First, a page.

I’m sure that there are pessimists… let me hear you roar.


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  1. I wouldn’t bet on the oil majors jumping into renewables with any sort of determination. According to Matt Simmons, who I know personally and trust, the majors are in liquidation mode trying to keep up with their decline curves.

    “[The major oil firms are] overlooking the fact that they are actually in liquidation, their production has been in decline for several years [and] no matter how much money they intend to spend, they just can’t get ahead of their [production] decline curves. And their proven reserves are shrinking very rapidly.”

    They will continue to spend money to keep reserve numbers up by investing low margin unconventional oil plays like tar sands, and what money they have left will be entirely devoted to fight production declines in operating fields. The only real investment an innovation in alternative energy will likely come from small companies and forward looking VC firms — think Silicon Valley in the 80’s.

  2. I disagree Sam… I think that forward looking VC firms will focus on low capital plays, like smart grid and things like that, which focus on demand side solutions that can demonstrate value quickly for consumers.

    When it comes to supply side investments, like new power plants and new technologies VCs will begin to realize that they don’t have the pockets or the investment horizon to invest in capital heavy investments that have ROIs of decades.

  3. I too disagree Sam,

    Although new VC’s dedicated solely to renewables are popping up everywhere, (thinking Google.org), these guys demand quick ROI’s. However, to your point Ian, I don’t see enough of a demand from the consumer side for renewables to push major energy suppliers into providing the necessary capital backing. That demand will only come if current energy costs become unfeasible. $150/bbl is a good start, but multi-billion dollar investments from large companies such as BP and Chevron (and I would argue the defense integrators) can only continue if there is an external (customer demand) and simultaneous internal (cost) push. At $65, we just don’t feel the pinch enough.

  4. Demand will come when prices are low again. Large investments have been made, R&D is happening – and for some technologies the R&D is now focused on addressing scaling issues (not on just technology prototyping).

    Demand for jobs and an independent energy economy is also a push towards stimulating investment through gov’t incentives (think gloriously under-priced land lease terms) depressed wages (due to unemployment spikes) don’t hurt either. Some smart and capable people are going to be twiddling their thumbs soon… think “Sam the Solar Man”.

  5. Anders got it right. It is very difficult to find investors who think in more than 5 years time and still accept relatively low RoI. We tried to develop sustainble oil palm plantations in Africa, high social impact and a lot of wasted land to convert, but risk is high and return will not come till first fruits bear (after 5 or 7 years). We can offer, thanks to German Renewable Energy law, 15 to 20 years assured market. Till now VCs do not line up for this kind of investment. The reason is simple, you can make more money, and with much less risk in the oil and gas and other businesses.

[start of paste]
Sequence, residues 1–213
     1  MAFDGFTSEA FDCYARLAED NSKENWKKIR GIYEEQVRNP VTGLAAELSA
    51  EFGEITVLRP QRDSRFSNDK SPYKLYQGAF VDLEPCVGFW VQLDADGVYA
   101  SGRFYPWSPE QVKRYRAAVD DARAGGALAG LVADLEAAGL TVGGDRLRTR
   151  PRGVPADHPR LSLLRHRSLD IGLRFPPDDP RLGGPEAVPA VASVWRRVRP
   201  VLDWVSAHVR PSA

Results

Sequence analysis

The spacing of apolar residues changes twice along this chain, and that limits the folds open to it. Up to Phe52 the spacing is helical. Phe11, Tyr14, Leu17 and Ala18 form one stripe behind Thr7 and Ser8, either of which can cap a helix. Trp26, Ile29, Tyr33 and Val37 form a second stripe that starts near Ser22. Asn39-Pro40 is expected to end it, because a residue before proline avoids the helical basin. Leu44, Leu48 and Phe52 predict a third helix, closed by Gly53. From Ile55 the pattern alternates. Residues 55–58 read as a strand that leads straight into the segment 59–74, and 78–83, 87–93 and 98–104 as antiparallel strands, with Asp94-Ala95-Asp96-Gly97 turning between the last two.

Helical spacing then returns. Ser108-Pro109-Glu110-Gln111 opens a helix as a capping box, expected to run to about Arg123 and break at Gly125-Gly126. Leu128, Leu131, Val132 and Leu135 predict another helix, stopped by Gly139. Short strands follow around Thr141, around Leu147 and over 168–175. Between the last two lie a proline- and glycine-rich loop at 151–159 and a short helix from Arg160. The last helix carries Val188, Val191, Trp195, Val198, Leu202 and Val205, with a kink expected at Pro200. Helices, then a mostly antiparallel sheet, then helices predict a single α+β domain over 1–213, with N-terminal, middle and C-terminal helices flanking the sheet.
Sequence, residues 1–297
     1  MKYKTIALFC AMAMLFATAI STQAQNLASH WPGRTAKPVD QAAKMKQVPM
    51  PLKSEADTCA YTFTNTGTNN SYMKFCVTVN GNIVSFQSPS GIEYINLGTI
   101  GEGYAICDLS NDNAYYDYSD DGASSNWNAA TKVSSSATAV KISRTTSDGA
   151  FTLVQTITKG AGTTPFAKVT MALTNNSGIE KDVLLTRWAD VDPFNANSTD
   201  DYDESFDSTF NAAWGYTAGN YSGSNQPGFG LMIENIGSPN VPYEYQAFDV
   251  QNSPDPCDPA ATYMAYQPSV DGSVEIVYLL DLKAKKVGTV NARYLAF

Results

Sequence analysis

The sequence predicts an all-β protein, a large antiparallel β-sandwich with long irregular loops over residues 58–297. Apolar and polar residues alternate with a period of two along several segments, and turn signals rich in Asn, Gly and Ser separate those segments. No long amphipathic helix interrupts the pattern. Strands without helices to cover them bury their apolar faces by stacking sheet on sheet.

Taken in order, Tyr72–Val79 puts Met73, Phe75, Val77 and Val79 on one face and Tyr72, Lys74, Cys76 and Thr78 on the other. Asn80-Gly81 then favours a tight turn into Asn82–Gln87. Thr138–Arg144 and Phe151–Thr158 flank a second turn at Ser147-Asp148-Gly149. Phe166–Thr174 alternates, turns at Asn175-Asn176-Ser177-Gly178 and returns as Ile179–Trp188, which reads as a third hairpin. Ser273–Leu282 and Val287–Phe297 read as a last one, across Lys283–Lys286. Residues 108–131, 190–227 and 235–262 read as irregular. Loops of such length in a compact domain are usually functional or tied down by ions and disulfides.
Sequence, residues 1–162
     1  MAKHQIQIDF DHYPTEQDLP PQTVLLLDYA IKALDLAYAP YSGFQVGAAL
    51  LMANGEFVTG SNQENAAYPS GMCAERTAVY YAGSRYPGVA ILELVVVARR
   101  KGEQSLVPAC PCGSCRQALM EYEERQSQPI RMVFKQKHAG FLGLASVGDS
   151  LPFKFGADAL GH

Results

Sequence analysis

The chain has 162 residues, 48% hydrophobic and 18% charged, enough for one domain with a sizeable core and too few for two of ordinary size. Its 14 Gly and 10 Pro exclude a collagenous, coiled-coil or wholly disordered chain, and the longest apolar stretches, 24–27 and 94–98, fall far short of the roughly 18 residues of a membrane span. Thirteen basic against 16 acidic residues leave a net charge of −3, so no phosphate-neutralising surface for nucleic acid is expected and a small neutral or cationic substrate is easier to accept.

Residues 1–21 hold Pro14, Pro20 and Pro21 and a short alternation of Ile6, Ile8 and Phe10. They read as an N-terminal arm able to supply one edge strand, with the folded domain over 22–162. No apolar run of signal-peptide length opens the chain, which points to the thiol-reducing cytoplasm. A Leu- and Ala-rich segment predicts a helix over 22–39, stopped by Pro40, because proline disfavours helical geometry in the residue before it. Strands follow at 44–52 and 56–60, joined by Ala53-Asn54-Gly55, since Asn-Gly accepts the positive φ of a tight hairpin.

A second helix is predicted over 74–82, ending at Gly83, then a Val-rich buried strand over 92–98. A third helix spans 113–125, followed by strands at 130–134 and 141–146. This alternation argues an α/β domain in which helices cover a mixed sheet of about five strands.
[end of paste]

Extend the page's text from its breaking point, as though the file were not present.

6. @ James

    Big business and scale-ability are critical, principally because the gap we need to fill is very large. Franchising and distributed generation are both great options depending on where you are in the value chain of a product – particularly for final distribution or the accretion of feedstocks/raw materials. Where it becomes less effective is for production (in solar PV think fabs for silicon, in bio-fuels think production of bioreactors, in solar thermal think mirrors and tubing, etc).

    Also, big businesses are big clients. Think Walmart – if they make the commitment to buy a certain kind of solid state light bulb for all their stores… then the company that makes the bulb can justify the capital expenditure for increasing its capacity, which in turn drives the unit price down for consumers like you and me, and allows McDonalds to consider the same commitment…. repeat.

  7. Why all the concern with big business and scale-ability? Why not focus on the micro plant concept focusing on local feed stocks. Turn the waste streams into income streams as well as more employment opportunities.

    Once the concept is proven with a test site it could possibly be franchised. Just thinking out loud here.

  8. Last point on this… i don’t know why it comes in so late – if it is a priority for our country to be independent, then we should invest in alternative fuels while we still have equipment with combustion engines. The US military uses 18Million gallons of fuel…. a day (someone correct me if I’m off by a couple million). If the Dept of Defense makes a commitment to replace a percentage of conventional JP-8 with synthetic biodiesel every year then you have a big time consumer making a serious commitment. That is the type of demand that the US can harness to scale CleanTech – they should be leaders not followers on this.